What if you’re run over by a bus, or incapacitated by a stroke? Will your family be able to find the information they need to handle your affairs? Probably not.

Most people put off organizing documents that will be needed should they die suddenly or become incapacitated—until it’s too late. This leaves their survivors, who are then in no condition to do much of anything, to bumble their way through.

Don’t leave a mess for your family. Pull together the papers they’ll need now—even if it means getting a new will and other legal documents—and tell at least one family member where they can be found.


  • Your will. Keep it in a safe place. Leave the original with the attorney who drafted it— but be sure he/she has a fireproof vault or bank vault and a good index of wills—and keep a copy at home. Write the attorney’s address and phone number on the cover of the copy.

Caution: Don’t put your will in your own safe-deposit box. In many states, the family can’t get immediate access to the contents of a safe-deposit box. Delay in obtaining your will causes probate to be delayed, and this means additional probate costs.

  • Letters of instruction. Letters expressing wishes about funeral arrangements or listing items of jewelry each grandchild is to receive, etc., should be easily accessible.
  • Durable power of attorney. Give signed copies of this legal document to the person named to act on your behalf in financial matters should you become unable to do so . . . or keep the form at home or with your attorney, but tell the person of his appointment and where the document can be found.
  • Trusts. If you’ve set up a living trust to hold your assets and simplify the settlement of your estate, keep the trust document in a safe place. Leave the original with your attorney and keep a copy at home. Give a copy to any co-trustees and a copy to the successor trustee.
  • Health care proxy and living will. If there are written expressions indicating the kind of treatment you want if your condition prevents you from writing and speaking, make sure such “advance medical directives” can be found quickly. Give a copy of your “advance directives” to the person you’ve named to speak on your behalf.


Give your doctors copies of the proxy and living will.

Be sure your family knows where to find . . .

  • Your old tax returns.
  • Copies of leases you’ve signed.
  • Mortgages.
  • Insurance policies.
  • Bank account records, including canceled checks and other documents relating to your finances.

If you’ve given someone power of attorney over your checking account, make sure the person knows where you keep your blank checks.


Make a detailed list of assets and state where they can be found.

Example: If you have a safe-deposit box, note where it’s located and where you keep the key.

Make sure your agent has access to the box.

Include in your list of assets . . .

  • Retirement accounts: Account numbers, beneficiary designations.
  • Bank accounts: Account numbers and branch locations.
  • Brokerage accounts: Account numbers and branch locations.
  • Mutual funds: Account numbers and names of each mutual fund and fund family.

Important: Put bank books, insurance contracts, deeds to property and other evidence of ownership together and tell someone where these items can be found. Also, keep year-end statements from banks, brokerage firms and mutual funds.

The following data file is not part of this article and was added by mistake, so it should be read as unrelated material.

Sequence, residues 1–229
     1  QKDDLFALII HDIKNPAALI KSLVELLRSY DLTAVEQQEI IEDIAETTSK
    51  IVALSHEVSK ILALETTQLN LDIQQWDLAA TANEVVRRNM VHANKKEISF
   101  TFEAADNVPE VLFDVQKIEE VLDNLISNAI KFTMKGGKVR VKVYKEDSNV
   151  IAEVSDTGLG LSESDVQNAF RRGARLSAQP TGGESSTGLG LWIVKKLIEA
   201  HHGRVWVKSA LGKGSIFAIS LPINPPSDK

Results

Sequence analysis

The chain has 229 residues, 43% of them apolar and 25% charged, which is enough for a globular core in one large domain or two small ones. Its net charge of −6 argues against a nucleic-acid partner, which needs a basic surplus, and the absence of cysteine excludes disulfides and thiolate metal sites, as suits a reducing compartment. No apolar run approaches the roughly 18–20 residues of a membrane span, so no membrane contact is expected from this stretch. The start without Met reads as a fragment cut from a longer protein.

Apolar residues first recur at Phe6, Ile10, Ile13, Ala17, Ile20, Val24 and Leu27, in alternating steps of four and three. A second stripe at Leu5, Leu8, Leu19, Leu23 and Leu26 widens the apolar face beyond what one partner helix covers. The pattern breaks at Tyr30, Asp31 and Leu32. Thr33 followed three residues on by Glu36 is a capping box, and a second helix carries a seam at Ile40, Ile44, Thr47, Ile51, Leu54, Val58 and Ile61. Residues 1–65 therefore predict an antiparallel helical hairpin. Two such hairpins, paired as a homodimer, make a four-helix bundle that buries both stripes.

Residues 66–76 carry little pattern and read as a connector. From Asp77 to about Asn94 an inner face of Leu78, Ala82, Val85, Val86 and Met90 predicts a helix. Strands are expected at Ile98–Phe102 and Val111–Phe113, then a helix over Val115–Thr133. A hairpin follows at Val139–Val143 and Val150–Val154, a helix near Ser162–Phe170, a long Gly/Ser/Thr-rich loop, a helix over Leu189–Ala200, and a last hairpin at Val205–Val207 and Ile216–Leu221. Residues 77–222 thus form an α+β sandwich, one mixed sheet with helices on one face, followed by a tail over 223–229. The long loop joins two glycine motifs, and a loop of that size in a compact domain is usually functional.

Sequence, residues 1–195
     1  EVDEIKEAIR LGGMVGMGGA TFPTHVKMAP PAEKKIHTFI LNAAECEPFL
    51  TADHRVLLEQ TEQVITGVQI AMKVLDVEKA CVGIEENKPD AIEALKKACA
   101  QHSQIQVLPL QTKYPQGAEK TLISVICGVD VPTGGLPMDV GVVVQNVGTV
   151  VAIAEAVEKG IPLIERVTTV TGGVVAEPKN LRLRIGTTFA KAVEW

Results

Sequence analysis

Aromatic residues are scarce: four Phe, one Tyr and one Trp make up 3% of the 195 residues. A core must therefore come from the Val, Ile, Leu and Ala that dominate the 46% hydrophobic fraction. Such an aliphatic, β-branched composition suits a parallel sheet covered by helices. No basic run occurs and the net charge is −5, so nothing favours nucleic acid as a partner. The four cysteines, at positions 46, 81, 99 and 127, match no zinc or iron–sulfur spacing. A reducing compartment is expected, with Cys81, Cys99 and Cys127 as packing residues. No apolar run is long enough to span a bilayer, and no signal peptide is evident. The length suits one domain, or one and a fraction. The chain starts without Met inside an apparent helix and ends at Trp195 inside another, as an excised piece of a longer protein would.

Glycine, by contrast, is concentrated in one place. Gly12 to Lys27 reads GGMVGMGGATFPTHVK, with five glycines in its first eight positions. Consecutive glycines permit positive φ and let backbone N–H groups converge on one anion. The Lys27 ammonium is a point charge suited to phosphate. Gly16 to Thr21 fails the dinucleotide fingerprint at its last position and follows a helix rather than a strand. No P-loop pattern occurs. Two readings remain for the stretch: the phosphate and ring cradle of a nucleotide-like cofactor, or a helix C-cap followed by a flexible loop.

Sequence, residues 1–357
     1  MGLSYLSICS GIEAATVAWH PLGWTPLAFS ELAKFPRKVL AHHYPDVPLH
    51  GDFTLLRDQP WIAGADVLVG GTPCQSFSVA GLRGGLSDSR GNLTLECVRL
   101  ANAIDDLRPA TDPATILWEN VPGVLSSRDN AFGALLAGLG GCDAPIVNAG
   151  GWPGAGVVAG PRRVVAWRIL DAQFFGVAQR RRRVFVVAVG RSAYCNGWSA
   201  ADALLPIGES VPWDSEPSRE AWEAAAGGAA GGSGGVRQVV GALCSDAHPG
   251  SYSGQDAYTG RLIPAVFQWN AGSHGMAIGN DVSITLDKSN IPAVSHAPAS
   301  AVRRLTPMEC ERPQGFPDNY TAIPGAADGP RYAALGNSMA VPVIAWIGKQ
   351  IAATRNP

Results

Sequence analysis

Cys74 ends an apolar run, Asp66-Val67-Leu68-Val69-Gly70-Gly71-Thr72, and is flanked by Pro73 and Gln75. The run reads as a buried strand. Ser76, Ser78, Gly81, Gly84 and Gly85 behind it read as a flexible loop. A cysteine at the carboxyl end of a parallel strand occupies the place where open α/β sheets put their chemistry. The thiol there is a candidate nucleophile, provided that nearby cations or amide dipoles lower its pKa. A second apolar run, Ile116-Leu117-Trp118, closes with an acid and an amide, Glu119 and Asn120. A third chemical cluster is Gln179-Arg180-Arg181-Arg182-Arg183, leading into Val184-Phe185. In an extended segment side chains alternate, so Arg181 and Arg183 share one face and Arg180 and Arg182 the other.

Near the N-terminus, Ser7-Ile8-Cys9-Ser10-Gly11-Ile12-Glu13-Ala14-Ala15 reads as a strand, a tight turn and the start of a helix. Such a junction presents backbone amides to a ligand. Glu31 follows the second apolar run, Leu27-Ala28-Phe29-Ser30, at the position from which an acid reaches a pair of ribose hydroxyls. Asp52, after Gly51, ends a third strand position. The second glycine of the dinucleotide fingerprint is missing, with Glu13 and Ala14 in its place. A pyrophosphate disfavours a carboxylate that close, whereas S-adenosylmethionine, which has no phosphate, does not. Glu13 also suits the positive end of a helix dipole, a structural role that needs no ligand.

If you’ve hidden cash or jewelry, let someone know where.

Also include with your list . . .

  • Outstanding loans you may have that need to be repaid.
  • Information about your other debts.
  • Life insurance information.
  • A family tree.
  • Vital records, birth and death certificates, etc., of family members.


In addition to a health care proxy and/or living will, your family needs to know about any special medical conditions you have. They also need to know about your medical insurance—including your Medicare card number and any Medigap or long-term care coverage you carry.


Make a list of the professionals you use. Your family may want to retain them to handle your affairs. Include the name and telephone number of the following people . . .

  • Attorney. He is the person who drew up your will and may be holding the original.
  • Accountant. This person may have copies of your old tax returns.
  • Stock broker.
  • Insurance agent.
  • Financial planner.
  • Employee benefits person or department if you are, or were, employed.
  • Doctors.
  • Spiritual adviser, such as your priest . . . minister . . . rabbi.


If you haven’t put this information together, do it now.

  • Make sure papers are in order before taking a trip or undergoing surgery.
  • Update information as needed at year-end.

(Source: Bottom Line/Tomorrow: Peter J. Strauss’s Advice on How to Put Your Critical Papers In Order)

How Long Records Should be Kept

Discard after one month: Deposit slips and credit card receipts (after checking them against monthly statements) . . . receipts for purchases of any items you don’t plan to return, unless they have warranties or are tax deductible.

Discard after one year: Monthly bank and credit card statements . . . pay stubs, monthly mortgage statements and investment statements (after reconciling with the annual summary) . . .telephone and utility bills that you don’t need to prove your business expenses.

Hold until sold: Confirmation slips for securities . . . real estate deeds . . . home-improvement records . . . and receipts for big-ticket items with replacement costs exceeding your home insurance deductible.

Forever filed away: Birth certificates . . . citizenship papers . . . marriage and/or divorce certificates . . . military records . . . wills . . . current insurance policies.

These documents can be kept in a fireproof home safe or safe-deposit box — with the exception of the original copy of your will, which should be kept at home or with your lawyer.

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